Q: Can a realtor choose to stop representing you in the middle of a transaction?
My realtor served as my selling realtor and buying realtor. As a result of poor representation on the sale of my home, I am having to send him a demand letter in order to be compensated for monies lost through the sale transaction. I am asking that the realtor compensate me through a credit back on the purchase of my new home which is due to close in a few days. We are choosing to go through a demand letter as opposed to simple oral negotiations as a result of the negligence and manipulative behavior on the part of my realtor. Can my realtor choose to not represent me through the close of escrow on my purchase and effectively drop me as a client in the middle of a transaction? If so, what are my rights? If that were to happen, how do I continue with the purchase in order to close on time?
You raise an interesting question; and if these interesting facts involved a lawyer--as opposed to a Realtor who is not a lawyer--the answer would be very clear: Sending a demand letter of the nature you describe to any lawyer would immediately cause a fatal conflict of interest that would require the lawyer to "fire" you--before you had an opportunity to fire the lawyer. (Yes, lawyers really can fire clients.)
So--out of an abundance of caution--I will suggest that creating an enormous conflict between you and your Realtor-- on the eve of the closing-- will not only result in a nasty fight over money; it may result in your inability to finalize the deal, thereby injuring the buyer. So, unless you want to start a big fight that delays-- or completely stops the sale--I suggest that you try to find some other way to solve whatever problems you are so upset about.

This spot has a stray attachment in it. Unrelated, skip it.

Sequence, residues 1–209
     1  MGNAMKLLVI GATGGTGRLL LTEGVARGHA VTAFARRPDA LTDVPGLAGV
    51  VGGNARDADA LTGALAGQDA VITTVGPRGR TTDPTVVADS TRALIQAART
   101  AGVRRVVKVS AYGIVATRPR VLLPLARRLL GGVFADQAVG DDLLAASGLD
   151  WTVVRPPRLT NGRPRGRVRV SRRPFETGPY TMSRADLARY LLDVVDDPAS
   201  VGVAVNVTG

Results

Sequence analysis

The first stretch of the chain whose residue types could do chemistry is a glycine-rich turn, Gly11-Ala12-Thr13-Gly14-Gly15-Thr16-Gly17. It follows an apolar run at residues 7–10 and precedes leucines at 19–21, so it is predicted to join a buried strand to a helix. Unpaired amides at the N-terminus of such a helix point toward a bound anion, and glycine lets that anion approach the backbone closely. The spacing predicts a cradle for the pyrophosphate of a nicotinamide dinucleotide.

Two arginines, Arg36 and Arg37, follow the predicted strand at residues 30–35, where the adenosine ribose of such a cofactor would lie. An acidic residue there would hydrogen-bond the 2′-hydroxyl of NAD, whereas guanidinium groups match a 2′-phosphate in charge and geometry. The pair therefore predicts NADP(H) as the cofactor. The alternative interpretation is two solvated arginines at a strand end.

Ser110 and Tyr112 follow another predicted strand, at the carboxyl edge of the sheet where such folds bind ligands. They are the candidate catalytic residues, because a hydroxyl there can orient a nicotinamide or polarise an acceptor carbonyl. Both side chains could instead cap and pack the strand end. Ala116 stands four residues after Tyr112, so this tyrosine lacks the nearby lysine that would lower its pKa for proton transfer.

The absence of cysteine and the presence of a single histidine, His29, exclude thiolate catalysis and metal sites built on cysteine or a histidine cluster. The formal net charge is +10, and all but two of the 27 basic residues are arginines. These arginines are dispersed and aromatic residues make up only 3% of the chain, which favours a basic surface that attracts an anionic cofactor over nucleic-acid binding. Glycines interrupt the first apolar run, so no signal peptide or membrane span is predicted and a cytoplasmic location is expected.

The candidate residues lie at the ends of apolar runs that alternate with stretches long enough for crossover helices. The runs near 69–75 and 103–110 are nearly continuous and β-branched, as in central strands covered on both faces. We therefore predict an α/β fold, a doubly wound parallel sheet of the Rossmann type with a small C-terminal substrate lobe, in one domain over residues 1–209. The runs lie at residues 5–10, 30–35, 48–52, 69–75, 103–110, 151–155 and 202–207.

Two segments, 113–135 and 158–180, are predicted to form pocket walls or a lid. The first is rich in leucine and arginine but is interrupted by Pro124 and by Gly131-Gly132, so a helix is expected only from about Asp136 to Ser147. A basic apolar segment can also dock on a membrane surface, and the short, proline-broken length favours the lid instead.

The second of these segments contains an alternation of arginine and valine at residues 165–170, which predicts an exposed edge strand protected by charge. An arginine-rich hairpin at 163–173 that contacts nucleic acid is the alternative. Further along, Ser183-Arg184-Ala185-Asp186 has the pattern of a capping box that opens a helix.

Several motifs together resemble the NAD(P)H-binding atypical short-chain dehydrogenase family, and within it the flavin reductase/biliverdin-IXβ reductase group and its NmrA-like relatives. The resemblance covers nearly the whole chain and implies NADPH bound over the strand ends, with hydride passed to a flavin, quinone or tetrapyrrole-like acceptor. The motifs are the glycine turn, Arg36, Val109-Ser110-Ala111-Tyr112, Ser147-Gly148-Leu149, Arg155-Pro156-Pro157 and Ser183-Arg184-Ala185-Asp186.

Justia Ask a Lawyer is a forum for consumers to get answers to basic legal questions. Any information sent through Justia Ask a Lawyer is not secure and is done so on a non-confidential basis only.
The use of this website to ask questions or receive answers does not create an attorney–client relationship between you and Justia, or between you and any attorney who receives your information or responds to your questions, nor is it intended to create such a relationship. Additionally, no responses on this forum constitute legal advice, which must be tailored to the specific circumstances of each case. You should not act upon information provided in Justia Ask a Lawyer without seeking professional counsel from an attorney admitted or authorized to practice in your jurisdiction. Justia assumes no responsibility to any person who relies on information contained on or received through this site and disclaims all liability in respect to such information.
Justia cannot guarantee that the information on this website (including any legal information provided by an attorney through this service) is accurate, complete, or up-to-date. While we intend to make every attempt to keep the information on this site current, the owners of and contributors to this site make no claims, promises or guarantees about the accuracy, completeness or adequacy of the information contained in or linked to from this site.